What’s that? There are different types of nerves? Afraid so, yes. What’s more, if you’re using techniques to control one particular type of nerves but you’ve actually got a belly-full of the other type, it’s not going to help your presentation at all. Presentation nerves can come from:
- worry about the content
- concern over the delivery
- anxiety about the logistics.
I’ve got tools for all three, but like you can’t use a screwdriver on a nail, they work far better if they’re tackling what they’re designed for.
A couple of examples might make it a bit more clear
Presentations nerves example #1
A friend of mind had a job interview recently. It was a big deal. She was good at the job she had (great in fact) and had all the necessary things you need for the big, new job. The stakes were high though, as this was for a permanent contract, and the interview was on the day her current – fixed-term – contract came to an end!
The interview had a presentation element and the Q&A bit. The presentation part was freaking my friend out, despite all the positives of being a great presenter with more stage-time experience than even I have! Nothing she was trying was working and she was starting to lose sleep as a result of the presentation nerves.
So the solution? Take a quick but hard look at the actual causes of the nerves. We discovered that a significant chunk of what was making her nervous about the presentation was the logistics of using the tube (London’s big, complicated and messy underground public transport system). How long would the journey take? Which line should she get on, in which direction? Where should she change? For what line in what direction? Which station should she get off at?
No wonder her tools for controlling presentation nerves weren’t having an impact – they didn’t even try to look at a the real cause of the problem – the journey there.
Presentations nerves example #2
This is personal. I’m doing a gig tomorrow in a city I don’t know, at a venue I don’t know, for people I don’t know. The gig itself is high-risk and finishes with a Big Bang, for effect and fun. It’s worked in the past but there’s always the risk of it falling very flat. (If you were at the gig you know what I’m talking about!)
Look at that paragraph again and it’s clear there are two different causes for the nerves – one is to do with the presentation itself (will it work or will it fall flat on its arse?) and there’s a raft of nerves to do with the logistics – and including in that the travel logistics of things like how long will it take to get there etc but also the “social” logistics of getting food and making the necessary small-talk.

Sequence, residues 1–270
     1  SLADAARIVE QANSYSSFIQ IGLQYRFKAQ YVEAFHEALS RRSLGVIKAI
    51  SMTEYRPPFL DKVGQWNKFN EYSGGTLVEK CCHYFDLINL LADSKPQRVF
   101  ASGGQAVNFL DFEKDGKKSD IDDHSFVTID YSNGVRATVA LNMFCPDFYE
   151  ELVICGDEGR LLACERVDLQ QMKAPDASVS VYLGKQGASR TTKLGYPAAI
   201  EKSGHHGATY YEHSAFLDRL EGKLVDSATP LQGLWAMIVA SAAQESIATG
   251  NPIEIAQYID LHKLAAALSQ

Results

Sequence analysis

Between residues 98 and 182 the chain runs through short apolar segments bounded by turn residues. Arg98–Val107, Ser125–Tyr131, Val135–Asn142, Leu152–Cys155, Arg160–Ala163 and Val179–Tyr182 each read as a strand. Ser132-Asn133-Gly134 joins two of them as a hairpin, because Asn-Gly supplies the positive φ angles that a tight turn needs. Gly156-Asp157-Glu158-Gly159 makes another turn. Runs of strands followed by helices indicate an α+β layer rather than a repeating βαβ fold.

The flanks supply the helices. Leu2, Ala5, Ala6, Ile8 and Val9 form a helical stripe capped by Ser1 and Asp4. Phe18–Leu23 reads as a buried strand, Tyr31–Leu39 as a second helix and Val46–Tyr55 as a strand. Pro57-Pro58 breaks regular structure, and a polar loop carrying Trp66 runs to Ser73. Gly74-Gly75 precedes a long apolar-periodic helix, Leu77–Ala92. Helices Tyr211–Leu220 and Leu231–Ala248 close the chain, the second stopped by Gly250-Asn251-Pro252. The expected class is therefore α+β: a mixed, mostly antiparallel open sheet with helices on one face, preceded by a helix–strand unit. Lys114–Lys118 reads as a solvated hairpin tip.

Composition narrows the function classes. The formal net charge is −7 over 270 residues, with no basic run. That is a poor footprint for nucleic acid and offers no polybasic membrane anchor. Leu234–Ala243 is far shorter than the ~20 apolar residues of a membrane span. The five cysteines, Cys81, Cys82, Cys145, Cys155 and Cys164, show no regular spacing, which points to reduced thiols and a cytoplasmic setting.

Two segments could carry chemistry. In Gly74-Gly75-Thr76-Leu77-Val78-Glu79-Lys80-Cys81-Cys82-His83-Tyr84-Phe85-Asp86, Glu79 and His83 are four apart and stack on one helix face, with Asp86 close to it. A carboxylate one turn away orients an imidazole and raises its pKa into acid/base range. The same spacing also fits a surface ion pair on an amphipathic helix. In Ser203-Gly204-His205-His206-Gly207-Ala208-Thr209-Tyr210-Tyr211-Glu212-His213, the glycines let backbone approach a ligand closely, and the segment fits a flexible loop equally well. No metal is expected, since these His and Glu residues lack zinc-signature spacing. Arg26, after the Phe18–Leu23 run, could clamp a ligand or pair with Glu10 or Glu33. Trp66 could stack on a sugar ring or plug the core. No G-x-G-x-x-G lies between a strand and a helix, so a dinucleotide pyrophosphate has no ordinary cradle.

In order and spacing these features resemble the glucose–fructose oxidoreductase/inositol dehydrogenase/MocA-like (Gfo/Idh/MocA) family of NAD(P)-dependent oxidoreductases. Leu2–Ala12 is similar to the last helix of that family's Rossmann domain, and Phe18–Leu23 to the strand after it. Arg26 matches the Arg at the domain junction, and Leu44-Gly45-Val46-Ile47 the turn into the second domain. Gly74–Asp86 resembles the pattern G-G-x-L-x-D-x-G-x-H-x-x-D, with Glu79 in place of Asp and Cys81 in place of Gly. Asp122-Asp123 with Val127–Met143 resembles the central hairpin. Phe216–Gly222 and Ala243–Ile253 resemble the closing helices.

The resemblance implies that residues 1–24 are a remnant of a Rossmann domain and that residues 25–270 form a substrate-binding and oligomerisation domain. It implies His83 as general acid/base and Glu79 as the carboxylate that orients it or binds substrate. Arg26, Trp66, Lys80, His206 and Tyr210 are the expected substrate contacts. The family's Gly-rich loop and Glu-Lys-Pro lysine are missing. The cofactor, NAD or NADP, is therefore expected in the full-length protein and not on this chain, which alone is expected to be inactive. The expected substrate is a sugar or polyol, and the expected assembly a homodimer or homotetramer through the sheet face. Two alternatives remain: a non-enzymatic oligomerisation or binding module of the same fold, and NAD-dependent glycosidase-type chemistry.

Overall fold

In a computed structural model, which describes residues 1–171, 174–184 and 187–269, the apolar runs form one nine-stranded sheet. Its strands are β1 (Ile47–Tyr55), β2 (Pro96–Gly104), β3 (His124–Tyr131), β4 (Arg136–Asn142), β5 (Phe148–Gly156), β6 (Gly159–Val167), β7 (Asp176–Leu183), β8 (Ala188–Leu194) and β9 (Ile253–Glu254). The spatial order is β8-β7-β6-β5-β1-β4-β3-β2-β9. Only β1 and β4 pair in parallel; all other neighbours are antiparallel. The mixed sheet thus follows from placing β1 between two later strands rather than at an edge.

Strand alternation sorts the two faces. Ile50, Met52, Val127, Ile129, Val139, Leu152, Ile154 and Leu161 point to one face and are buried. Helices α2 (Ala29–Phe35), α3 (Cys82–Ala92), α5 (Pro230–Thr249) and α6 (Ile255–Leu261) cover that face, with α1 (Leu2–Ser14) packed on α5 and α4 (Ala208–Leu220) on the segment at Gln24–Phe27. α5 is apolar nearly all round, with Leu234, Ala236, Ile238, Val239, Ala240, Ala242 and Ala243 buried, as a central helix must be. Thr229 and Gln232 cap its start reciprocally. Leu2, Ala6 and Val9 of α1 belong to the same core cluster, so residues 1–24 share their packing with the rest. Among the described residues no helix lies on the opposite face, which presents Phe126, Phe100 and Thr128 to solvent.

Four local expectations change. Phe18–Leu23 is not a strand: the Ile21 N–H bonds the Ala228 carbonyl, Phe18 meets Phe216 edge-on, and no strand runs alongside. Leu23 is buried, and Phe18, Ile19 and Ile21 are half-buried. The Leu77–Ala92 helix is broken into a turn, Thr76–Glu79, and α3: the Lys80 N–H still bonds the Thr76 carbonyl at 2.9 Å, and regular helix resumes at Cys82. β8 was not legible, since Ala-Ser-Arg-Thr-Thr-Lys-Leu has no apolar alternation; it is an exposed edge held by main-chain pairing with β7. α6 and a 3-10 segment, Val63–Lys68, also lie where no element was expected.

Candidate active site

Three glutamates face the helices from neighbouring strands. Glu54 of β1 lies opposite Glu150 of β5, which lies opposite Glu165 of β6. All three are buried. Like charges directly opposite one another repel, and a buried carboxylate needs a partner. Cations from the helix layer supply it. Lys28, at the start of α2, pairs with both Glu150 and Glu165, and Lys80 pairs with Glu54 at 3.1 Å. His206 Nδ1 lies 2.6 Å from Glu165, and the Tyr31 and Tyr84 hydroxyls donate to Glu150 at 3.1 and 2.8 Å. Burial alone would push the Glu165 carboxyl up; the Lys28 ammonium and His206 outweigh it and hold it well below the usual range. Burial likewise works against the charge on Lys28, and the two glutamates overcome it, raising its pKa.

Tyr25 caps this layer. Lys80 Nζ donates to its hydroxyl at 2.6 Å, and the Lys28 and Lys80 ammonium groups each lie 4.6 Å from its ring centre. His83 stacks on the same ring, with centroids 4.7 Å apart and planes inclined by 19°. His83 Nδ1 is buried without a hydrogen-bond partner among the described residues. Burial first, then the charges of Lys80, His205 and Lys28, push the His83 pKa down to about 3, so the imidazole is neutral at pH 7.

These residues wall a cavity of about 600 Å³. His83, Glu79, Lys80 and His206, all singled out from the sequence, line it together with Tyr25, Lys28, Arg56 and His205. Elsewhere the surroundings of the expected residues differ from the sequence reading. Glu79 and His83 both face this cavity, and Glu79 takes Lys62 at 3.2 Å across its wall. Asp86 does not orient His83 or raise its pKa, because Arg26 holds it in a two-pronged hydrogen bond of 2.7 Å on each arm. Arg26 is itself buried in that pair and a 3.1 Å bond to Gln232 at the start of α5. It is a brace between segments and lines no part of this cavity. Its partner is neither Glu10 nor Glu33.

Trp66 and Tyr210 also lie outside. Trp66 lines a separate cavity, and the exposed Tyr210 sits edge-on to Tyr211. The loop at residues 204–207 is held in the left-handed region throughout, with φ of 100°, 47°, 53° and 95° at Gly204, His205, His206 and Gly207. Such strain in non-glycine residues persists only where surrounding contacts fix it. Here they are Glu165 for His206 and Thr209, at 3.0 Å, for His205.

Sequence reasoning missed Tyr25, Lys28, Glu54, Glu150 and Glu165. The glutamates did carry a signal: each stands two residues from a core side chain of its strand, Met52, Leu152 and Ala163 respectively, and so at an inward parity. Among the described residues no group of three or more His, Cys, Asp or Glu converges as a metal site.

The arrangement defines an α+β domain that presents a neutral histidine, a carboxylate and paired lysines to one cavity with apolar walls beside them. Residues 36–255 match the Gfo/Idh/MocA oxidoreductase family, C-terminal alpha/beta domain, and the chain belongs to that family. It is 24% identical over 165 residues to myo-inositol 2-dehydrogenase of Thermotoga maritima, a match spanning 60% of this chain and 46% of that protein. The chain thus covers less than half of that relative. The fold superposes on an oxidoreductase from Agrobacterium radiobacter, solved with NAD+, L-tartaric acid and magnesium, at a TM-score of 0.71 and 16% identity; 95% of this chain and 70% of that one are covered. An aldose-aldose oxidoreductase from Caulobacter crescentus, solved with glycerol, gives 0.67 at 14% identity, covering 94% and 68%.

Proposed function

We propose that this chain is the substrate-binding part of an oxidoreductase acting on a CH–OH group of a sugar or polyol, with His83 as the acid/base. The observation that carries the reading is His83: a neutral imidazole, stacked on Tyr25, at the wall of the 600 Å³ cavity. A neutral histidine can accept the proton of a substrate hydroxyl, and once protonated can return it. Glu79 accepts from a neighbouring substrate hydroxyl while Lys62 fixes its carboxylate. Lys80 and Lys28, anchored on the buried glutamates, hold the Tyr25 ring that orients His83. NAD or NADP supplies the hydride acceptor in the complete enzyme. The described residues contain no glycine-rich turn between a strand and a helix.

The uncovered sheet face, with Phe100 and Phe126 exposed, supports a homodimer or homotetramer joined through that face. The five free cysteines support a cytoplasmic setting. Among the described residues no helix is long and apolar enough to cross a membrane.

Each of those needs a different approach for sorting out the nerves.
So what’s a poor presenter to do?
It’s obvious, but trite, to say that you handle each type of nerve differently. For example, in the examples above the solution to the ‘logistics-related nerves’ was a logistics-related-planing-session. Check out the journey and maybe (in the first case, where it was practical) do a dummy run. You’d be amazed about how much calmer you feel doing something for the second time than the first.
In the second example, it wasn’t possible to do a dummy run, so it came down to planning. Google Maps, Apple Maps and the car’s in-car sat-nav were all consulted about the likely drive time and alternative routes planned. Mobile numbers for emergency contacts were checked… you get the idea.
And once the logistics (easy to solve) nerves were taken care of there was much more head-space available for dealing with nerves about the presentation itself. In many cases I’ve found that you don’t even need to take on those nerves particularly because of two things:
- reducing the overall nerves about the presentation by taking away the logistics-nerves brought things down to levels that could be handled; and
- just doing something about the issue gave a sense of control, which helped.
The beauty is that you (sometimes) don’t need to handle the nerves about your presentation itself, which can be harder to shift.
A tool for logistics-based presentation nerves
This is such a simple tool I hesitate to mention it – although I have blogged about it before. Because logistics and so on are (jargon alert!) presentation hygiene factors, you can tackle generally them with crude, tactical tools. The one I suggest you think about is the humble checklist.
A couple of weeks before your presentation just sit down and list all the things that could go wrong logistically. Write them one on a line and make them into a checklist. Keep adding things until you can’t think of anything more, then just leave the list around to add to every now and again. Every time you think of something that could go wrong and/or make you more nervous about your presentation, jot it down.
When the list is reasonably comprehensive you’ve now got a list of things to go through, one at a time and tick them off when you’re done with that item. By the time you get to the bottom of the list, anything logistic that could blow up in your face, won’t ‘cos you’ve checked it!
A tool for delivery nerves
I’ve put lots of these up over the years, but here’s one that I’m particularly fond of at the moment and use myself… at the biggest gig I’ll ever do in my life!